The Inappropriateness of the extension of the generic approach to professional uses

FEICA considers the extension of the generic approach to risk management to professional uses inappropriate and disproportionate. The use of chemical products by professional workers differs considerably from that by consumers and should, therefore, not be subject to the same restrictions or prohibitions. In fact, professional users have more characteristics in common with industrial users than with consumers. Should the need for a specific regulatory risk management measure regarding professionals be identified, the current legal framework already provides an appropriate set of tools.

The impact on professionals

Professional workers perform tasks that are important for society and the circular economy, and they need chemical products to perform those tasks. The application of the generic approach would adversely affect the availability of substances and products. For example, certain reactive resins that are used in the construction sector might be restricted or even prohibited by the generic approach. Furthermore, many adhesives and sealants are enablers of the European Green Deal’s Circular Economy Action Plan. The extension of the generic approach to risk management could limit the use of these adhesives and sealants.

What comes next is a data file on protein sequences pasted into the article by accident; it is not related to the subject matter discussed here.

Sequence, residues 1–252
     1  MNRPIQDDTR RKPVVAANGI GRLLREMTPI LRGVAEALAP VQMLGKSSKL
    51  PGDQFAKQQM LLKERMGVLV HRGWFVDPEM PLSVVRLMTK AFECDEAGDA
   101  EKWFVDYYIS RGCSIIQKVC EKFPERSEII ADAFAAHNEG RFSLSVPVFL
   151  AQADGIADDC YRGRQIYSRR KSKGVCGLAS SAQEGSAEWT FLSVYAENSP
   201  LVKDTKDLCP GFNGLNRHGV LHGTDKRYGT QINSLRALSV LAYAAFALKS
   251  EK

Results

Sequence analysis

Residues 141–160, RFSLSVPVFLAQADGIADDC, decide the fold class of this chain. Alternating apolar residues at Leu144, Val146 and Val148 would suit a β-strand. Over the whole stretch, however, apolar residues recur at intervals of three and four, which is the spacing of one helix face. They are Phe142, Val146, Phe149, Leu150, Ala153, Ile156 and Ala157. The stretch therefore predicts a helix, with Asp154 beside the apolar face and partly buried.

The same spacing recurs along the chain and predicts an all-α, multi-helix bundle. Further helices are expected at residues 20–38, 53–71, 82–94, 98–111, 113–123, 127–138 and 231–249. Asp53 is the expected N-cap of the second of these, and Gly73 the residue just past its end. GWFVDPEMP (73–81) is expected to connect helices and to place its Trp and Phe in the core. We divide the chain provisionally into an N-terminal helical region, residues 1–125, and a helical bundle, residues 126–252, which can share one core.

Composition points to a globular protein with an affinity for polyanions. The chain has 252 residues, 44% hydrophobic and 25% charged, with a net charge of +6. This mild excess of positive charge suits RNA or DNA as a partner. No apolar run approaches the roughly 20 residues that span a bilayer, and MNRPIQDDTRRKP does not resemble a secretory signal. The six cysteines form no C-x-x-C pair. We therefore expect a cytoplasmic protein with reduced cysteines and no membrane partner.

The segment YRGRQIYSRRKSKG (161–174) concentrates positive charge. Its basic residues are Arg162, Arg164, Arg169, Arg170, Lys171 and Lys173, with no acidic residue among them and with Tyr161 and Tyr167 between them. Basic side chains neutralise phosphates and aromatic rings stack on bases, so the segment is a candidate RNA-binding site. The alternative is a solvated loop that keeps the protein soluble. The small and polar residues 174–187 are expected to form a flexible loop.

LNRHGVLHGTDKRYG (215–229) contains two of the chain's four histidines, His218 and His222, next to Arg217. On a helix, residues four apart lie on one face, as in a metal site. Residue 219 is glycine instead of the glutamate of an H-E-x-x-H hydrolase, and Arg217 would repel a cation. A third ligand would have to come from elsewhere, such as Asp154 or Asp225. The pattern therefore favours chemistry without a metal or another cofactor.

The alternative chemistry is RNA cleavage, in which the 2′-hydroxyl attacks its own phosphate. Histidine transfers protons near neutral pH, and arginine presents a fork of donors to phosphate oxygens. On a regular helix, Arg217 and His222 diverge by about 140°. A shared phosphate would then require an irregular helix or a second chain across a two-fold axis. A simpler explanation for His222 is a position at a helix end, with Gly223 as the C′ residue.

Professional workers, such as construction workers or workers in repair shops, would end up having to work with products available to consumers, the technical functionalities provided by the restricted chemicals being unavailable. The range of potentially affected uses is increasing enormously, and the extension to additional hazard classes exacerbates the problem.